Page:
From the outside, pods look like huge wine barrels. Inside, they are tiny yet perfectly organized rooms that sleep up to 4 persons. They have electricity, central heating and they feel very cozy.
Packing tips for Luxembourg
I went to Luxembourg in May and the purpose of my visit was to hike around – so I packed accordingly. Unfortunately, it rained most of the time when I visited, but this didn’t put me off and I still explored a lot. Besides, I was dressed appropriately and so did not get wet or cold.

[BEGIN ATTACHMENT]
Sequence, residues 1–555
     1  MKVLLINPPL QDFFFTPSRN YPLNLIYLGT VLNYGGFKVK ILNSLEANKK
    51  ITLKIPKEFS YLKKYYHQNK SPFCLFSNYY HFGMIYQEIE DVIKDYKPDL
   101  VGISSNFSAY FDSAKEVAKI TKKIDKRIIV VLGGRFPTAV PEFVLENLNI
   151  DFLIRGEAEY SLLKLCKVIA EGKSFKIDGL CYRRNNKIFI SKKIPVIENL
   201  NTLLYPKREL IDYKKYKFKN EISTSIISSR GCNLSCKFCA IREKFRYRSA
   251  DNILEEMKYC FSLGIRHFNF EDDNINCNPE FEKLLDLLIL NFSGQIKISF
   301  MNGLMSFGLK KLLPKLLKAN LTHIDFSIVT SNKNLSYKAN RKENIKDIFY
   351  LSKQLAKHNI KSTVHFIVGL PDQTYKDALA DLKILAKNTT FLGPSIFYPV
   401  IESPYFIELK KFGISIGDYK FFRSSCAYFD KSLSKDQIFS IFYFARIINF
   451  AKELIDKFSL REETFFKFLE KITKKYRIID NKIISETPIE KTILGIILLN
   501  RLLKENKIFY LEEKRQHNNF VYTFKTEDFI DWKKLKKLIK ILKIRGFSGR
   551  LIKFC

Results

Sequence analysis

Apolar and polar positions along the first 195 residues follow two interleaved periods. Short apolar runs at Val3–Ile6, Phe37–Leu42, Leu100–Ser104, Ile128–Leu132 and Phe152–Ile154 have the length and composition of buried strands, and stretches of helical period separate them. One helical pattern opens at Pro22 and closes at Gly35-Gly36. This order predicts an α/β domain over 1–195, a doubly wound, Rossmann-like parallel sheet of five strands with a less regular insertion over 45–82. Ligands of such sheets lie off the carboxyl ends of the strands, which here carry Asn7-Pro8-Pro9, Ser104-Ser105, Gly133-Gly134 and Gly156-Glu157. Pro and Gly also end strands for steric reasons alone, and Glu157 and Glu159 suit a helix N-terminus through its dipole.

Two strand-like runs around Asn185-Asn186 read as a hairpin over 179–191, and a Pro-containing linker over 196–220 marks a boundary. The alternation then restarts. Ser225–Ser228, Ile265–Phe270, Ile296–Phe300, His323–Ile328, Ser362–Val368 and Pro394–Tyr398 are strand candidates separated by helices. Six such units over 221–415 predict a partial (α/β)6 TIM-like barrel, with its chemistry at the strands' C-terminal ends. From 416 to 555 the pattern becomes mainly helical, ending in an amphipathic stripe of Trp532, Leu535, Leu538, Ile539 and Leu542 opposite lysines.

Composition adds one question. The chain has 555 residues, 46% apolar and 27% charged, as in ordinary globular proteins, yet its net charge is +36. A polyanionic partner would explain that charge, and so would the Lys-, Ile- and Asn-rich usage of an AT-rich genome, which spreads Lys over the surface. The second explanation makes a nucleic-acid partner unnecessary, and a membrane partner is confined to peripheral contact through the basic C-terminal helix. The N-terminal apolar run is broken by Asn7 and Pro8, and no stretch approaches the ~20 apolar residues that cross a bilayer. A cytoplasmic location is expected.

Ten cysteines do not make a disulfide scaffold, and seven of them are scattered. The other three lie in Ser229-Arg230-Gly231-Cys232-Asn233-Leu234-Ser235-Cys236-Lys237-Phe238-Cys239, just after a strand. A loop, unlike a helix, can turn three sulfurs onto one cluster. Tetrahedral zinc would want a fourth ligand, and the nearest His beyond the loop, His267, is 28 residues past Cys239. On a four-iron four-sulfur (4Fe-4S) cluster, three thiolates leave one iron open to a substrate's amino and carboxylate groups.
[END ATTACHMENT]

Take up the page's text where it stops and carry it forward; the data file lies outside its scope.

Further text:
Having said so, if you plan to go hiking in Luxembourg you really have to wear layers. Wear hiking pants, preferably convertible, to detach the lower leg in case it gets hot. A good technical t-shirt is key to make sure that no matter how much one sweats, the back doesn’t get cold. A light sweater and a rain jacket on top will complete the outfit, and needless to say a pair of good hiking boots.
To see more of what goes in my backpack, read my post “My ultimate packing list.”
Are you planning to visit Luxembourg?
Legal Disclaimer: This article is written in partnership with the tourism board of Luxembourg, of whom I was a guest. All the views and opinions expressed are my own and based on my personal experience. The views expressed are honest and factual without any bias.